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On Noga Beach

by Kristina Baer

On Noga Beach
sleepless at dawn,
they watch the sky brighten
above the lighthouse beyond the harbor.
She holds his hand,
fingertips cool as rain,
as the sand warms in the morning light.
Barefoot at the water’s edge,
he turns to face the sun.
Alone, standing watch on the beach,
she conjures the future,
her heart, his.

Posted in Poetry

3 Responses to “On Noga Beach”

  1. Neal Whitman says:

    Kristina’s poem is a reminder that a poem is not just a translation of prose into another language such as French or Latin, but is saying something that can be said only as a poem.

    Amicus poeticae,

    Neal

  2. Kristina Baer says:

    Noga Beach, in Cannes, is just down the Croisette from the Palais des festivals, where the film festival takes place. In the high season, the beach is a place to see and be seen–especially if you’re a film star.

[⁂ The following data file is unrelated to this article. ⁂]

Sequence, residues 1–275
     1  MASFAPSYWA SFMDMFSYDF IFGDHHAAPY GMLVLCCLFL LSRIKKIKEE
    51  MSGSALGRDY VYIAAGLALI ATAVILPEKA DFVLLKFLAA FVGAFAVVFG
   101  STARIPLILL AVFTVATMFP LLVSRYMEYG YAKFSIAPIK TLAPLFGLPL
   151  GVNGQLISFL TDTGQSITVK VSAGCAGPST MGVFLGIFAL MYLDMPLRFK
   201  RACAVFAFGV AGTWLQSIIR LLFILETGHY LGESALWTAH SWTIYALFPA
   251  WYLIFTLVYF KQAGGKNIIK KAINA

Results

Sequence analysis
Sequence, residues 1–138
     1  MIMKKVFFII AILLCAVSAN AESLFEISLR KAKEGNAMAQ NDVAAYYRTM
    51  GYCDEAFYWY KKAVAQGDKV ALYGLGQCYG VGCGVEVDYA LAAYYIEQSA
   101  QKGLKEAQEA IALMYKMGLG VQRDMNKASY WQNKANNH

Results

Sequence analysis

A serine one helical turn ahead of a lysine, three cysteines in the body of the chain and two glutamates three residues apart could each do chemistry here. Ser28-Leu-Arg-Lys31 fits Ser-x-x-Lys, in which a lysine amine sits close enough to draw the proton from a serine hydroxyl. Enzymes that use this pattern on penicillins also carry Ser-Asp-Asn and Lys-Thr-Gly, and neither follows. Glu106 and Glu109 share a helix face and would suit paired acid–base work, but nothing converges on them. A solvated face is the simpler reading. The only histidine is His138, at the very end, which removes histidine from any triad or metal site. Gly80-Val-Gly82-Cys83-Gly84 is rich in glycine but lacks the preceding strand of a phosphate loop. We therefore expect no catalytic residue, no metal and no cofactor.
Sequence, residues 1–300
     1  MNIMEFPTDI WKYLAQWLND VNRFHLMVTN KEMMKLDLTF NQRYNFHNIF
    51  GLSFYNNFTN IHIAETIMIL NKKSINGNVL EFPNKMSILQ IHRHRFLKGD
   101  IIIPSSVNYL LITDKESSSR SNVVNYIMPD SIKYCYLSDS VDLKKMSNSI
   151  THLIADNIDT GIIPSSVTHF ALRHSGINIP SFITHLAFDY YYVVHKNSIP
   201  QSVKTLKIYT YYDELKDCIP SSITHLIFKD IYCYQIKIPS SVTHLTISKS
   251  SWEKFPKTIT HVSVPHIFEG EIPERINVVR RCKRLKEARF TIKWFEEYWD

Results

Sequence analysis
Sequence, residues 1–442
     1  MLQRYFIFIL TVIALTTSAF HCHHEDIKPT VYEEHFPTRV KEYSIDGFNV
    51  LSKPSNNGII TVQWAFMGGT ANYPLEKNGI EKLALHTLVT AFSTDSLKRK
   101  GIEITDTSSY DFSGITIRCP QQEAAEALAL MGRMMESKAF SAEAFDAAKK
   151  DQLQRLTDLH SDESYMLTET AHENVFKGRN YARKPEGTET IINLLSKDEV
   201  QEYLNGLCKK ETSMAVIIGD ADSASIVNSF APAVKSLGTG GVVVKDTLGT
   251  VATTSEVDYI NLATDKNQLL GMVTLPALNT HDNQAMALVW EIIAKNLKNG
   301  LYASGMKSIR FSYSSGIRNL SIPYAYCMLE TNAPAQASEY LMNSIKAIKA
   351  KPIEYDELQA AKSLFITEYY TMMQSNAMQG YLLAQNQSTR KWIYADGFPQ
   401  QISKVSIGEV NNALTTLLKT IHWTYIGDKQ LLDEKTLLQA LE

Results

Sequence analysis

Out for a walk one early October morning, I saw a small barefoot boy in a red parka standing at the edge of Cannes harbor. I took his photo and later wrote “On Noga Beach.” On its own, the photo shows what I saw. Read separately, the poem is a love poem. Viewed/read together, photo and poem give more information about what I saw and thought about that morning, thanks to the context and clue provided by the photo.

    “On Noga Beach” as a love poem implies a love couple, a man and a woman on the beach. Read with the photo, the poem identifies the woman as the little boy’s mother. I like it both ways.

    Child on Noga Beach

  3. Kay says:

    Kristina’s poem leaves me feeling at peace. Be it Noga Beach, or a beach anywhere in the world, this poem draws parallels between the universal love between people and the peace we find at the water’s edge.

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